Photo Credit: Abbyladybug
You know the saying, “build it and they will come” well, we all know how that works out and now it seems there’s a new saying, call your meetup a Tweetup and they will come. Just like the first saying, businesses and people need plan accordingly and don’t expect by calling your event a Tweetup that the Twitter community will embrace your meetup and show up tweeting about your product or services.
What’s a Tweetup?
Oh, if you’re wondering what a Tweetup is, according to urbandictionary.com a Tweetup is A group of friends on Twitter (social network) that are planning to meet up, that’s it, that’s all. But with the success of Twitter in the news, TVs shows and being used by music artist and other celebrities Twitter has now caught the eyes of brands to host Tweetups as a way to reach various communities to market their services offline and locally to potential buyers. Tweetups can consist of two people and can be held anywhere from coffee shops to businesses to parks. There are sites now that focus on Tweetups such as: http://tweetups.com
Tweetup Photo by Jeff Cohen
Past Tweetup Success
You may be asking why am I posting about this now, well, in the past few weeks I have been approached by a few national brands, local malls stores and individuals about hosting a tweetup. It seems that people have started to notice the success we have had with Triangle Tweetups ( http://triangletweetup.org ) in North Carolina. Some of our past Triangle Tweetup numbers have been 150, 250 to 180 attendees with our recent partnership with the North Carolina State Fair to host a Deep Fried Triangle Tweetup at the State Fair. What’s unique about those Tweetups except for the @NCStateFair tweetup is they were not directly linked to another event/conference. There were just planned well and organized to bring the community together to learn and network with the common interest being Twitter.
Brands, Businesses and Tweetups
As I stated earlier, brands / businesses are now hosting tweetups to reach out to various communities offline to market their product and services. There’s nothing wrong with that but I would like caution companies looking to host Tweetups because it’s the new “cool” thing to do without any research. Especially if you’re trying to host a Tweetup in a different location where you may not have a local connection or network reach. But even then I would do a lot of market/Twitter research to see how the local community uses twitter and with various Twitter tools available it’s easy to find users by location now. Also look at how locations view your brand before you host a Tweetup. The last thing you want is to have a tweetup and all the attendees are showing up to complain about your product or service.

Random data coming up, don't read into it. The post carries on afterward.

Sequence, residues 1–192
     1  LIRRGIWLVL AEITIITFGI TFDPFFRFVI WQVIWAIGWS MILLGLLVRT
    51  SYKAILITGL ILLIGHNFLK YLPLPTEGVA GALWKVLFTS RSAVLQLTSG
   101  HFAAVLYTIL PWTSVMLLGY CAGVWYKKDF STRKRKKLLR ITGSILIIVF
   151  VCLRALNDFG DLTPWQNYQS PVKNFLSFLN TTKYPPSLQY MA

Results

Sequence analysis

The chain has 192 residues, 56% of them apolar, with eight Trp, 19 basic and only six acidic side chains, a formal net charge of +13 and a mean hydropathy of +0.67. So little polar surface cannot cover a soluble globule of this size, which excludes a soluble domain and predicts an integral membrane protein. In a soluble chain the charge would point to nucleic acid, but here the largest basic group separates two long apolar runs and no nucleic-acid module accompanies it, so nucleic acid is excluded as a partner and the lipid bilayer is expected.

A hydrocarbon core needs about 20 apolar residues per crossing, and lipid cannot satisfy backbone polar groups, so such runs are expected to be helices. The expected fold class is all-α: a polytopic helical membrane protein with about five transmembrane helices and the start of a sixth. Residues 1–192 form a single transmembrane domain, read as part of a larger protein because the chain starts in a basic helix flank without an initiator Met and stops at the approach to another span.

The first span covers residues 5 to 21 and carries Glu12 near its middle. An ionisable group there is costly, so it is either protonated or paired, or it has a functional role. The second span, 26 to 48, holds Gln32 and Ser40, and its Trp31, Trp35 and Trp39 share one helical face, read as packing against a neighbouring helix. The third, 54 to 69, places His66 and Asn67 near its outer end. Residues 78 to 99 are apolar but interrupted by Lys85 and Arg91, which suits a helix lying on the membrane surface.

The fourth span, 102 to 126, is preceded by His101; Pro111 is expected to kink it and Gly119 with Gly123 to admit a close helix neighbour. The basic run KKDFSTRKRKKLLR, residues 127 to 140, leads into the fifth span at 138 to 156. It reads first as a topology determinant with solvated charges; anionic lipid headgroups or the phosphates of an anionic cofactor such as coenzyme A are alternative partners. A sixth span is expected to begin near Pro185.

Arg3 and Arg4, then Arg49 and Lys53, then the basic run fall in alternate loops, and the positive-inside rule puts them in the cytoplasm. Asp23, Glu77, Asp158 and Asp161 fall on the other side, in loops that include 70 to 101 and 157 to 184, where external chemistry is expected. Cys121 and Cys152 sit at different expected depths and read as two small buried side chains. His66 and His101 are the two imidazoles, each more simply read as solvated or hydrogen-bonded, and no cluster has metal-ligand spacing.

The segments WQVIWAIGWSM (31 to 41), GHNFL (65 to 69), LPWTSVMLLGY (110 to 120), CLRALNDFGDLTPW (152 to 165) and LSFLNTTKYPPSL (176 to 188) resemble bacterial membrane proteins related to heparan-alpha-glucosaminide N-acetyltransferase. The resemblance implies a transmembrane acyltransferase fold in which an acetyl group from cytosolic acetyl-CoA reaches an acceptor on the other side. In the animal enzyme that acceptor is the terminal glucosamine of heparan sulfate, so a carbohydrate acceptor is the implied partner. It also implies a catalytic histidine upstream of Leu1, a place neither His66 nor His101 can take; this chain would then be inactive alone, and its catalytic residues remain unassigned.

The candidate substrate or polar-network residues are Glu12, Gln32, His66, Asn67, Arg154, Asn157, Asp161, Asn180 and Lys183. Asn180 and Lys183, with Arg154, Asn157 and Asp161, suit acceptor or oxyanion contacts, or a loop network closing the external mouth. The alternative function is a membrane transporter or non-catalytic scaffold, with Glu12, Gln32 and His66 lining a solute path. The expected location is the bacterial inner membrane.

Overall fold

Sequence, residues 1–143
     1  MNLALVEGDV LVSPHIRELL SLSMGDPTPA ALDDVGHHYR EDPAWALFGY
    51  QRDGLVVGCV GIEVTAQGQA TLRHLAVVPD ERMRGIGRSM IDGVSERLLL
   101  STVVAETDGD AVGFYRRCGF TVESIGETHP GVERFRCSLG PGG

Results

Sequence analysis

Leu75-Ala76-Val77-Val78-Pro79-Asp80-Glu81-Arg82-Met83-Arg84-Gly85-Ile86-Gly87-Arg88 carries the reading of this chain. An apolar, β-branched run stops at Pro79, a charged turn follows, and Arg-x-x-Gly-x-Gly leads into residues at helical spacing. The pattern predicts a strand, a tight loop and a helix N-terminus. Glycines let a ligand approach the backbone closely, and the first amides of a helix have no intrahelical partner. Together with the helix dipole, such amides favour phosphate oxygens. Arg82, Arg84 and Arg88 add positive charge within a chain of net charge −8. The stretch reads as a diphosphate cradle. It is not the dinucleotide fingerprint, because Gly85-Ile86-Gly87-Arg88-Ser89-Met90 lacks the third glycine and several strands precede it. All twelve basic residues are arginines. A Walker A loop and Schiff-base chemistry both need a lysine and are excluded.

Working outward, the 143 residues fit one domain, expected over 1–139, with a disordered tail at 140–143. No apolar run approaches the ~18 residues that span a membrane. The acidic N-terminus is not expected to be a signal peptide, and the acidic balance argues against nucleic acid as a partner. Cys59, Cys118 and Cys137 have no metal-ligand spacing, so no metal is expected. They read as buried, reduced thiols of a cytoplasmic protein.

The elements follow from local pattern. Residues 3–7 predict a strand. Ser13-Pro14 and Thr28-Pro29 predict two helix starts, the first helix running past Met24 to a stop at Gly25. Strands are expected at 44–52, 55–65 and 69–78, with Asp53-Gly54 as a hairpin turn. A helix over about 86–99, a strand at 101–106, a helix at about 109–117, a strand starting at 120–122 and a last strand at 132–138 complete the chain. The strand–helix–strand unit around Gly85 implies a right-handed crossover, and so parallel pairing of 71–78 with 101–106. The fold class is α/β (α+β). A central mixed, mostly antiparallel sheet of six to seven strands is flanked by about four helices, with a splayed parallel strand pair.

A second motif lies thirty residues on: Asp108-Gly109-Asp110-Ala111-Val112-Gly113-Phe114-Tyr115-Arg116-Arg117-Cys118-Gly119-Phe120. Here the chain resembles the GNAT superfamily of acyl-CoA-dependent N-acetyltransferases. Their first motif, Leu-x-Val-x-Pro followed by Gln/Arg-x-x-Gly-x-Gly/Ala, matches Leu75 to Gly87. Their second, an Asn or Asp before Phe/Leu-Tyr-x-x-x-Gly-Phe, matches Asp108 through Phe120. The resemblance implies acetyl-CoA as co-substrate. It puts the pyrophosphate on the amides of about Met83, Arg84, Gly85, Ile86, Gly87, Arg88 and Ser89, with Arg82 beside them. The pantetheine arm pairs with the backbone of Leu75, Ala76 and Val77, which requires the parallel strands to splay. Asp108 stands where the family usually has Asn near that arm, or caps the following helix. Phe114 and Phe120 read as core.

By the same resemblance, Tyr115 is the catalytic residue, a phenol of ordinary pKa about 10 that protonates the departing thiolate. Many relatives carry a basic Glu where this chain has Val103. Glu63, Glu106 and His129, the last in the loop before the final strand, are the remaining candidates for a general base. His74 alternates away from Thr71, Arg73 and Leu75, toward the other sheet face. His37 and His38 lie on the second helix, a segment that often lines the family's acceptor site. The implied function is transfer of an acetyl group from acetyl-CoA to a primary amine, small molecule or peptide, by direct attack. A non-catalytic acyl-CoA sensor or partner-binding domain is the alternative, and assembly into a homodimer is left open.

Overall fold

Social media event marketing 101
So you still want to plan a Tweetup? If you’re an individual and just want to meet for coffee, lunch or just to catch-up with local tweeple, have at it and enjoy. I think I’m meeting a few friends at a coffee shop in Raleigh for a #busybeetweetup in a few weeks myself. But if you’re a company and you want to host a Tweetup to announce your grand opening or your new product / service or to show that you “get social media” I would start with the following before I decided to host a Tweetup:
1. Use a custom twitter location search or Twitter Grader to find local Twitter users and build a relationship with them.
2. Plan at least 30 to 60 days ahead to market your event.
3. Join other location based social networks such as Whrrl, brightkite, foursquare, gowalla, and Tri-Out (NC only) and connect with the community there.
4. Find the right loaction with wifi and good parking.
5. Use a Tweetup planning sites like: http://twtvite.com or http://tweetvite.com
6. Sponsor existing Tweetups held by the community that can serve as the same purpose as hosting a tweetup
7. Ask yourself the following: Why does my company want to plan a Tweetup
What is my goal for planning a Tweetup and how are we going to measure the success of the Tweetup
With that being said you could simply hire companies or experienced individuals to plan Tweetups for your organization and talking with these individuals you may find out that a Tweetup may not be something you should invest your time or money into at the moment just because it’s the cool thing to do. Yes, hire someone because even though Twitter is free but peoples time, network and expereince is not. Still there are no guarantees, even after you have done your market research and planned accordingly that after the doors open and tweeple arrive that you will convert a tweetup attendee to a new customer.
I’m co-organizer of the Triangle Tweetup in Raleigh, NC ( http://triangletweetup.org ) and partner of OurHashtag where we plan community events using social media. I planned the first tweetup in North Carolina with 5 people in December of 2007 and have planned tweetups up to 250 attendees in 2009. I have also co-organized first time tweetups in Atlanta, GA, Charlotte, Raleigh Wilmington & Durham, NC & Harlem, NY.
If you would like to plan a Tweetup or use social media to plan an event email us at contact@OurhHastag.com.